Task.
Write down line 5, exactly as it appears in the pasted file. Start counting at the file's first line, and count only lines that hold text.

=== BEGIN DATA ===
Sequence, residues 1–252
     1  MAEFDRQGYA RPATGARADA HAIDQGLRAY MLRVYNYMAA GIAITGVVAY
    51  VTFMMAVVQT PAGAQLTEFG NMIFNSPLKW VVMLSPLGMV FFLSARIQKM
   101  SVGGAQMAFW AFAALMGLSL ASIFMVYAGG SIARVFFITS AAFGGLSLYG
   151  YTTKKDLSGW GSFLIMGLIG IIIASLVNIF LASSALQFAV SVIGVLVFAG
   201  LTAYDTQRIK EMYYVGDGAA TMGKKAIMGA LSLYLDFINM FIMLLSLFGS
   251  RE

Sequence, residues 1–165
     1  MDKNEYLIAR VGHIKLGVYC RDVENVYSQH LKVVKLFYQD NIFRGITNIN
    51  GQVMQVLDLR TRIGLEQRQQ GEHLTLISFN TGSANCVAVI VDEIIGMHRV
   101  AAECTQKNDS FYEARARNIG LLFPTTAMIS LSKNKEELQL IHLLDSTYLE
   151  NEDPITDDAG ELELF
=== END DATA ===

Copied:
   151  YTTKKDLSGW GSFLIMGLIG IIIASLVNIF LASSALQFAV SVIGVLVFAG